Ching W. Tang, widely considered the father of organic electronics, built the first organic solarcell and the fi rst organic light-emitting diode (OLED) in the 1980s. The enabling innovation for both devices was made possible by an organic heterojunction—a bilayer structure of an electron donor and an electron acceptor. This structure can be used to fabricate exceptionally effi cient OLEDs and organic solar cells. Tang’s insights unleashed a torrent of activity in the fi eld and eventually sparked an industry. His seminal articles on organic photovoltaics and OLEDs were published in Applied Physics Letters 48 (1986) p. 183 and 51 (1987) p. 913, respectively. Now a professor at the University of Rochester, Tang discussed with MRS Bulletin his days at Kodak.
Tang's Life and Career
Tang attended secondary school at King's College and Yuen Long Public Secondary School in Hong Kong. Later Tang graduated with a BS in chemistry from the University of British Columbia, British Columbia, Canada in 1970. He subsequently earned his PhD in physical chemistry from Cornell University, NY, USA in 1975.He joined Eastman Kodak in 1975 as a Research Scientist, was promoted to Senior Research Scientist in 1981, to Research Associate in 1990, and to Senior Research Associate in 1998. In 2003 he was named Distinguished Fellow of the Kodak Research Laboratories, Eastman Kodak Company. In 2006 he joined the University of Rochester as the Doris Johns Cherry Professor.
Tang is the inventor of several groundbreaking electronic devices, including the organic light-emitting diode (OLED),and the hetero-junction organic photovoltaic cell (OPV).Efficient OLEDs of small molecules were first developed by Tang at the research department of Eastman Kodak Company in the 1970s. Tang is widely recognized as one of the leaders in the organic electronic industry and in photovoltaics.Tang was elected to the National Academy of Engineering in 2006 for "the invention of the organic light-emitting device and organic bilayer solar cell, the bases of modern organic electronics".
In addition to his pioneer research on the OLED and OPV, Tang made a number of critical innovations resulting in the commercialization of a new flat-panel display technology. These innovations include "the development of robust transport and luminescent materials, improved device architectures, novel color pixilation methods, and fabrication processes for the manufacture of passive-matrix OLED displays; and the adaptation of active-matrix backplane technology for high-definition OLED displays".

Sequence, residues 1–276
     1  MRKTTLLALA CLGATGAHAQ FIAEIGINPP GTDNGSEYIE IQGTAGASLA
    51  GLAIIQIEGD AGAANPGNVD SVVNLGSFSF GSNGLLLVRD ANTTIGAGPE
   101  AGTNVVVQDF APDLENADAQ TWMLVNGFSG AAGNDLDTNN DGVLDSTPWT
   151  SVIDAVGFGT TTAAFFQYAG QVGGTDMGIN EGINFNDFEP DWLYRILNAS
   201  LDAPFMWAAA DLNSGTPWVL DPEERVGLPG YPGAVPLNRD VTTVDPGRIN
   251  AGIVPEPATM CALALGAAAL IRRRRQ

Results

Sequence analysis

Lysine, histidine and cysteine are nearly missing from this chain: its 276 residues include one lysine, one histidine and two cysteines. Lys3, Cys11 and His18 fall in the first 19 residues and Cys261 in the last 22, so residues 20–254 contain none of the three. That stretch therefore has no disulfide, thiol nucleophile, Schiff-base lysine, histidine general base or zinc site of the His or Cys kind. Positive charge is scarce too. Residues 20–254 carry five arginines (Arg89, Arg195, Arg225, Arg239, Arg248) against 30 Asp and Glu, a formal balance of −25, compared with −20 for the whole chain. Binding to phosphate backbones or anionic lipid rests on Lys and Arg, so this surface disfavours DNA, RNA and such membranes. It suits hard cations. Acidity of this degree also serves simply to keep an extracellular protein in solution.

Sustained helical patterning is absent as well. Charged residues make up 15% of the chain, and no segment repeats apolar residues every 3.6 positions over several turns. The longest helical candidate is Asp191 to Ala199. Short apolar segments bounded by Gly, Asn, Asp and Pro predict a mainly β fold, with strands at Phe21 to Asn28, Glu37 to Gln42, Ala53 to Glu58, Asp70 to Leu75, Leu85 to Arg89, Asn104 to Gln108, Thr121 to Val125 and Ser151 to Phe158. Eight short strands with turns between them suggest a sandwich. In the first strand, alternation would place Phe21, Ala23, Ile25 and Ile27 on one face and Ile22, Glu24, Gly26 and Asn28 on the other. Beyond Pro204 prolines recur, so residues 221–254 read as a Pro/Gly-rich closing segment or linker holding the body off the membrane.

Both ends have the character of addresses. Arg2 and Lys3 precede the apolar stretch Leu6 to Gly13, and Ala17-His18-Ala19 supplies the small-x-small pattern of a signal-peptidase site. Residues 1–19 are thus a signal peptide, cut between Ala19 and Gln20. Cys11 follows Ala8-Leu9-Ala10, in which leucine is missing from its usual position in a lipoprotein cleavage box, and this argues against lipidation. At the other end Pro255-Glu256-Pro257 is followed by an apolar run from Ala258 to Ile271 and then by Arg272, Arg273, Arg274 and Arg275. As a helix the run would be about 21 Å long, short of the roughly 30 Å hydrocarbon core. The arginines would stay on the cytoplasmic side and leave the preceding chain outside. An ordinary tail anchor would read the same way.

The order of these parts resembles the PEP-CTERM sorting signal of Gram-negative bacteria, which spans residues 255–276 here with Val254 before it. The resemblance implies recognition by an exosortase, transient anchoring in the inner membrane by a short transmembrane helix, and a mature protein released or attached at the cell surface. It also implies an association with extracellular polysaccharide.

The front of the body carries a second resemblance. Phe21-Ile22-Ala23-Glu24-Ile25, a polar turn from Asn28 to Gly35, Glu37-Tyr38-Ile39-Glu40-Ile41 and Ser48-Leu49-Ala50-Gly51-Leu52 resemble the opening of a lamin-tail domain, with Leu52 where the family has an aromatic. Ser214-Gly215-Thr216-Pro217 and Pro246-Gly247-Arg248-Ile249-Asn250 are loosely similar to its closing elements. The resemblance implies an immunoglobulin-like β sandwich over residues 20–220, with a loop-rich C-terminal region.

On 15 February 2011, Tang was awarded the Wolf Prize in Chemistry. He shared the prize with Professor Stuart A. Rice of the University of Chicago, and Professor Krzysztof Matyjaszewski of Carnegie Mellon University. The official citation for the three professors from the Wolf Foundation reads: "For deep creative contributions to the chemical sciences in the field of synthesis, properties and an understanding of organic materials; for exploring the nature of organic solids and their energy profiles, structure and dynamics and for creating new ways to make organic materials, ranging from polymers, to organic-based devices that capture energy from the sun, and light our way in the dark; and for groundbreaking conceptual and experimental advances that have helped to create the research field of organic materials."
1994, Eastman Kodak Distinguished Inventor, from the Eastman Kodak Company
1999, Eastman Kodak Team Achievement Award, from the Eastman Kodak Company
2000, Eastman Innovation Award, from the Eastman Kodak Company
2001, Jan Rajchman Prize, from the Society for Information Display
2001, Carothers Award, from the American Chemical Society
2001, Northeast Regional Innovation Award, from the American Chemical Society
2002, Rochester Law Association Inventor of the Year Award, from the Rochester Intellectual Property Law Association
2003, Team Innovation Award, from the American Chemical Society
2003, Distinguished Fellow of the Kodak Research Laboratories, from the Eastman Kodak Company
2005, Humboldt Research Award, from the Alexander von Humboldt Foundation, Germany
2006, Doris Johns Cherry Professorship, from University of Rochester
2007, Daniel E. Noble Award, from the IEEE
2010, Lifetime Achievement Award, from the Hajim School of Engineering and Applied Sciences, University of Rochester
2010, Chair Professorship, from the Institute of Functional Nano & Soft Materials, Soochow University.
2011, Wolf Prize in Chemistry, from the Wolf Foundation
2013, Eduard Rhein Award, from the Eduard Rhein Foundation
2013, IAS Bank of East Asia Professorship, from the Hong Kong University of Science and Technology.
2014, Nick Holonyak Jr. Award, from the Optical Society.
2002, Honorary Professor, Shanghai University, China
2002, Honorary Professor, South China University of Technology, China
2010, Doctorate Honorary Degree, Shanghai University, China
2013, CE Hall Of Fame, from the Consumer Electronics Association.